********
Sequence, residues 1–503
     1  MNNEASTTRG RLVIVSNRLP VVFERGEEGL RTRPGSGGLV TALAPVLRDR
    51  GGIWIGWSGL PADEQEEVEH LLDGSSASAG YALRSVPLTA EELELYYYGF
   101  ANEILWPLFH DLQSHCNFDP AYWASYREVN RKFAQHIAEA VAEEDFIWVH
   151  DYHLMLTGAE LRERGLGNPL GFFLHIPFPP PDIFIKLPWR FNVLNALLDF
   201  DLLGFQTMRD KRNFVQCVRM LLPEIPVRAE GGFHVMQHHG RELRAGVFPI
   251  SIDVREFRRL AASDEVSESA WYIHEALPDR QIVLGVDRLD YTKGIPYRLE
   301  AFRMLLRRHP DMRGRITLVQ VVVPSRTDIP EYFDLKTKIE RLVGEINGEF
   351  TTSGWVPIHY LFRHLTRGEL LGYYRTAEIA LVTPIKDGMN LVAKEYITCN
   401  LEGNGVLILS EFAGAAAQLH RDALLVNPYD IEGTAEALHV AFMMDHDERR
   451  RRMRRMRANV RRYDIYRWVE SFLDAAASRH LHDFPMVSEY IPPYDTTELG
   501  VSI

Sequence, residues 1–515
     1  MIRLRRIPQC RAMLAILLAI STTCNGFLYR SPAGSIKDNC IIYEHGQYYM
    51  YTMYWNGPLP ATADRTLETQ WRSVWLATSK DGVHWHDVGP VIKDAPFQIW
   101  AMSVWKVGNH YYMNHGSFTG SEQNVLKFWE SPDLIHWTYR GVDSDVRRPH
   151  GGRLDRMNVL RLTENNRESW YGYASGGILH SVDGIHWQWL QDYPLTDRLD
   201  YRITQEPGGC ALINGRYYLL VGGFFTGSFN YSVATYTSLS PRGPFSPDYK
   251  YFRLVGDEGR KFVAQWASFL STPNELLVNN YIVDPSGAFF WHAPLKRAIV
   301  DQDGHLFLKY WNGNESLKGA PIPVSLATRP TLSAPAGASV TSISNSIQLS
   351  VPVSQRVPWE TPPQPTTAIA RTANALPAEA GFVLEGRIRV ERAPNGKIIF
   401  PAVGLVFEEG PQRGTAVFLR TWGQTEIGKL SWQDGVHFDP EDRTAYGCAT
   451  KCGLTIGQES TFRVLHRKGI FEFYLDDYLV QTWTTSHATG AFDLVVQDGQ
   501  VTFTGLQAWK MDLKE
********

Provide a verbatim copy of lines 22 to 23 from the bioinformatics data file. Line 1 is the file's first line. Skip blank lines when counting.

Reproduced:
   401  PAVGLVFEEG PQRGTAVFLR TWGQTEIGKL SWQDGVHFDP EDRTAYGCAT
   451  KCGLTIGQES TFRVLHRKGI FEFYLDDYLV QTWTTSHATG AFDLVVQDGQ